3 Important Questions You Should Be Asking About Your Bench Warrant

A bench warrant is issued by the courts when a person misses their trial. This is called an “FTA”, or “failure to appear.” The word “bench” in bench warrant essentially implies the judge’s seat, and requests that you answer to the court for both your original charge and now for your FTA offense. In contrast to arrest warrants, bench warrants are used for minor criminal cases, mostly citations and similar petty infractions such as traffic tickets or j-walking. Basically, a bench warrant is a pending arrest.

If you were recently issued a bench warrant, it is vital that you fully understand what it means and what you need to do. Continue reading to learn the top 3 most important questions you should be asking yourself right now.

Arrest Warrant Bail Bonds 317-876-9600

Arrest Warrant Bail Bonds 317-876-9600


Bench warrants are most commonly issued for people in contempt of court. If the court gives a person guidelines or legal obligations, such as drug screenings or future court proceedings, they are expected to fulfill all of their legal responsibilities. If they fail to do so, such as skip a court date or violate probation, they are issued a bench warrant. It is metaphorically bringing someone to the “judge’s bench” for ruling.

Will I Go to Jail for a Bench Warrant?

Although police will not be on the hunt for those with a bench warrant, the defendant will have their name entered into a statewide database that notifies law enforcement. This means that a person with a bench warrant can be arrested and taken into the custody by law enforcement if they are ever looked up in the database and discovered, such as in the case that they are stopped for a routine traffic offense or other scenario. Bench warrants do not stop at the police department; they are also sided by the Department of Motor Vehicles, who will suspend a person’s drivers’ license as well. When there is a bench warrant issued for someone’s arrest, there is very few options left for that person until they turn themselves in to the court.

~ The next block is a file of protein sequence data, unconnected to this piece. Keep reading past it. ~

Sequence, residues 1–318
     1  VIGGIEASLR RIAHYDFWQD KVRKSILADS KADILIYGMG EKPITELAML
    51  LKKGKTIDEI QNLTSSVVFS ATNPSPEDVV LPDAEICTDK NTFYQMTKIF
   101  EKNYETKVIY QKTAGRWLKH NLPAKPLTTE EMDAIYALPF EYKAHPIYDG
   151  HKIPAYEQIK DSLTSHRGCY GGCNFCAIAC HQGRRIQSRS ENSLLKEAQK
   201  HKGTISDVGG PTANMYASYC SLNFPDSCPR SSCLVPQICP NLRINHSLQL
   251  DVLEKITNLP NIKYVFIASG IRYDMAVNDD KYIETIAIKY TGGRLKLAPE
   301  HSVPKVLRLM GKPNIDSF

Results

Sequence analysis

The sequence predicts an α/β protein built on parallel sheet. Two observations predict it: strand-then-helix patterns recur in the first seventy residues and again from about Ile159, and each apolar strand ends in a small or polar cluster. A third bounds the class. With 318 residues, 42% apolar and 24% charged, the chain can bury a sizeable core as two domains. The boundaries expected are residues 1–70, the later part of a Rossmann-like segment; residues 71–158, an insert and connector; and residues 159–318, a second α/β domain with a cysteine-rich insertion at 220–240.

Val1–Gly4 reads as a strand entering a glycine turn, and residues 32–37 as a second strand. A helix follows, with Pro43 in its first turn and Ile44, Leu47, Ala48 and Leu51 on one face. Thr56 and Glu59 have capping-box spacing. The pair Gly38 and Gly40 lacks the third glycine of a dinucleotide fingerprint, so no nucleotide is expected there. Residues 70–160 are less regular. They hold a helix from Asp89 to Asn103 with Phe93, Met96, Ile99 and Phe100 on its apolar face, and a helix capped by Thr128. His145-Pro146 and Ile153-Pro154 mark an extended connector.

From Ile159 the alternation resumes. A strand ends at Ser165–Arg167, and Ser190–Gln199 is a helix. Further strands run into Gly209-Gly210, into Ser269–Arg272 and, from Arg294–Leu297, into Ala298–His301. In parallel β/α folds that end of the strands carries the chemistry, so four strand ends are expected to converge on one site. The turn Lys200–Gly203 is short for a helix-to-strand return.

What Do I Do if I Have a Bench Warrant?

Unfortunately, a person must surrender themselves to the custody of law enforcement to appease their bench warrant and settle their legal matters appropriately. If a person chooses to not voluntarily surrender to the jail, they risk being arrested by law enforcement at any given moment in time, including routine traffic stops, I.D. checks, and more. This only leads to further punishment. It is wise to turn yourself into law enforcement if you have a bench warrant issued in your name. The longer you wait to face your violation, the harsher the penalties may be.

How Do I Surrender to a Bench Warrant?

Since most bench warrant cases are not serious, you probably will not need to contact your criminal lawyer, especially if you are not a repeat offender or currently on probation or parole. Most often, your best bet for surrendering to any kind of warrant is to contact a local Indianapolis bail bondsman for prearranged bail bond services. This will save you hours of time and frustration. That is because after you call a bail bondsman, you will need to show up at the jail or county clerk’s office and submit to your bench warrant. This will entail you being taken into custody for processing, paying off court costs and fines for both the original charges and the FTA charge, paying off your bail, and then being issued a new court date. A bail bondsman can expedite this process for you; and some agencies even provide free rides from their office, to and from the jail.

Prearranged Bail Bonds You Can Trust

Indianapolis Bail Bonds 317-876-9600

Indianapolis Bail Bonds 317-876-9600

Call Woods Bail Bonds at 317-876-9600 for affordable prearranged bail bond and arrest warrant services, anytime. Our licensed and insured bail bondsmen are happy to answer your questions about getting out of jail. We also offer convenient customer services, including free jail pick up and drop off services, notary services, 24 hour emergency bail bonds, and free jail and courthouse information. Request a free estimate or information, today.

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